[Start humming the Star-Spangled Banner here.] "I put it to you, Greg - isn't this an indictment of our entire American society? Well, you can do whatever you want to us, but we're not going to sit here and listen to you badmouth the United States of America. Gentlemen!"

But Bolton's not done yet,
... whether or not Obama has decided against prosecuting CIA agents, his decision in no way binds the creative mind of Señor Garzón, a man who has never shied from spotlights. Indeed, U.N. Special Rapporteur Manfred Nowak has already said that the other 145 states party to the Convention Against Torture must launch their own criminal investigations if the United States does not.

Behind-the-scenes diplomacy is often the best, and sometimes the only, way to accomplish important policy objectives, and one hopes that such efforts are underway. But in this case, firm and public statements are necessary to stop the pending Spanish inquisition and to dissuade others from proceeding. The president must abandon his Ehrlichman-like policy and pronounce unequivocally that Spain should take whatever steps are necessary to stop Garzón.
[Emphasis mine.]
The Bush's administration's "take whatever steps are necessary" approach is just what led to the OLC lawyers being investigated, Johnnie. So unless you want to try another few rounds of swaggering and tough talk, if we really want to put the brakes on investigations by those other 145 states, the United States could just launch its own investigation. But that scares you too, doesn't it?

Do you smell something? That's the smell of fear sociopaths give off when cornered.

Tuesday, May 05, 2009

OPR watch

We are closer to knowing whether of not the White House Office of Legal Council (OLC) attorneys Yoo, Bybee and Bradbury will face consequences for the sorry torture memos they crafted in support of the Bush torture regime. The Justice Department's Office of Professional Responsibility (OPR) report on "memogate" is due out soon, and may reflect badly on the OLC attorneys, say news reports. "Among the questions it is expected to consider is whether the memos reflected the lawyers’ independent judgments of the limits of the federal anti-torture statute or were skewed deliberately to justify what the C.I.A. proposed," the New York Times reports.

If so, the consequences could be considerable. So far, no one wants to admit that all the king's men signed off on what they knew was torture. Each new revelation makes denying that fact more difficult, and avoiding our treaty obligations - "the supreme Law of the Land," per U.S. Constitution Article Six - even more so.

Atlantic's Andrew Sullivan puts it bluntly:
The reason this is vital is that it gets to the core of the question of good faith in authorizing the elaborate torture program that Bush and Cheney constructed as their central weapon in the war against Jihadist terrorism. If we can see that the memos were transparent attempts not to explicate the law in good faith to guide the executive branch - but were emanations of the executive branch to provide phony and flawed legal cover for already-decided illegal acts, then we have a conspiracy to commit war crimes.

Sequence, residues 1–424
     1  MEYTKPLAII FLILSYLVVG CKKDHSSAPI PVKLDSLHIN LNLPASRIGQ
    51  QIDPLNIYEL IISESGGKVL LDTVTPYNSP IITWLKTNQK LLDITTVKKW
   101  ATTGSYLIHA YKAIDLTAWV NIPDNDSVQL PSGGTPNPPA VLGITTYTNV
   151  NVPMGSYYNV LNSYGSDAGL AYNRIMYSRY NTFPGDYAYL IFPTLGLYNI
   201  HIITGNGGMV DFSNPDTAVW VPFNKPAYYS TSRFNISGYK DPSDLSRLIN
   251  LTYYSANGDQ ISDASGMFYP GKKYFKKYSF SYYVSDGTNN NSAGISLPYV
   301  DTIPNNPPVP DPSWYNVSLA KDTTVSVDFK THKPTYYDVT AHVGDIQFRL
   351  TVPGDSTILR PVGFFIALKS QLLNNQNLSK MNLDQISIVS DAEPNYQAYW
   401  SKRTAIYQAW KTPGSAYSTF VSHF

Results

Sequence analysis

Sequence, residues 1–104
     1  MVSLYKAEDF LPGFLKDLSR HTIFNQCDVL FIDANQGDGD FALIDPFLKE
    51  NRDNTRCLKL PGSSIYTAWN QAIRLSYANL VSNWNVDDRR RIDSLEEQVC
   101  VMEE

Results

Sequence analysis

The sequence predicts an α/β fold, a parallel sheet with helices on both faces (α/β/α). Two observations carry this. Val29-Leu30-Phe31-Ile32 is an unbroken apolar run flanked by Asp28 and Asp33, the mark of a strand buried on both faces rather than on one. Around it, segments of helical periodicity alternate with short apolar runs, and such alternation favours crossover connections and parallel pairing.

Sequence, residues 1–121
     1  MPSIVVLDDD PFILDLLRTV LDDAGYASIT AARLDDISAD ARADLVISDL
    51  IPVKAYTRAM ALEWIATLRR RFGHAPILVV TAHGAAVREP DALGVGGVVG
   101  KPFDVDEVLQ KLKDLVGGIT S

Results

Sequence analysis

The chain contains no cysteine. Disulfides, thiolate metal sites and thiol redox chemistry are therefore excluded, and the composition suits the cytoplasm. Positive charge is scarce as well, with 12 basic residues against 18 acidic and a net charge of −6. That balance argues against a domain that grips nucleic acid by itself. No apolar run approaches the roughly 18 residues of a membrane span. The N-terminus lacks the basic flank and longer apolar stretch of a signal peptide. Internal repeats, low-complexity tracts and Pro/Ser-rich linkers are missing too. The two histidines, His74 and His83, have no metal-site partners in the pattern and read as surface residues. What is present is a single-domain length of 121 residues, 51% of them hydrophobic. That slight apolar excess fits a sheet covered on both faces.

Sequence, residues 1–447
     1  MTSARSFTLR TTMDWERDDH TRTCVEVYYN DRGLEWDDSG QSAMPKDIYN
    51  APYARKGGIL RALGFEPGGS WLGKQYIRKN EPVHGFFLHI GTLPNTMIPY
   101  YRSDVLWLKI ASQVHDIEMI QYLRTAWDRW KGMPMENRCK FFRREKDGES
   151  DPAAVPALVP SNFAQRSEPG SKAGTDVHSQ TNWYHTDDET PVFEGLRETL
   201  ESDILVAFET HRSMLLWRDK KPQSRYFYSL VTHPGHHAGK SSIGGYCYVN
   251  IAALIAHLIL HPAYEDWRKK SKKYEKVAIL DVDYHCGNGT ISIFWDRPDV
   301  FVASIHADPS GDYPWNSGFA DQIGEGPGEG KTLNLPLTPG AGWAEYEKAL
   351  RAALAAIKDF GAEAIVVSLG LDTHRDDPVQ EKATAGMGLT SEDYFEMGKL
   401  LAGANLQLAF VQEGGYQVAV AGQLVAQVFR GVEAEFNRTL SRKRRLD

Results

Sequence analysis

Having read the Senate Armed Services Committee report, I have already made up my mind (as has Andrew).

How is giving bad legal advice a crime? The question of culpability for that was addressed last month at Opinio Juris by Melbourne Law School's Kevin Jon Heller. A Nuremberg case involving the deportation of 6,000 French Jews to Auschwitz in March, 1942 has parallels:
Scholars who believe that the individuals who wrote the OLC memos authorizing torture should be criminally prosecuted — as I do — normally cite the Justice Case, decided by the Nuremberg Military Tribunal (NMT) in 1947...

There is, however, another NMT case that does provide significant support for prosecuting the authors of the OLC memos: United States v. von Weizsaecker et al., better known as the Ministries Case... The critical defendants are Ernst von Weizsacker himself, who was the State Secretary in the Foreign Office, and Ernst Woermann, who was the Undersecretary of State and head of the Political Department in the Foreign Office...
The tribunal found that the two both knew that the deportations violated international law, and that they had a duty to object when Eichmann wrote to ask if they had any objections. They did not. Both were convicted.
Indeed, in one critical respect, the case against the authors of the OLC memos is even stronger than the case against von Weizsaecker and Woermann. The latter’s criminal participation in the deportations consisted solely of omissions – failing to point out that the deportations violated international law. The former’s criminal participation in the CIA’s torture regime, by contrast, consists of both acts and omissions, because Yoo, Bybee, and Bradbury not only failed to point out that the torture regime violated international law (and US law, as well), they crafted legal arguments to conceal the illegality of that regime.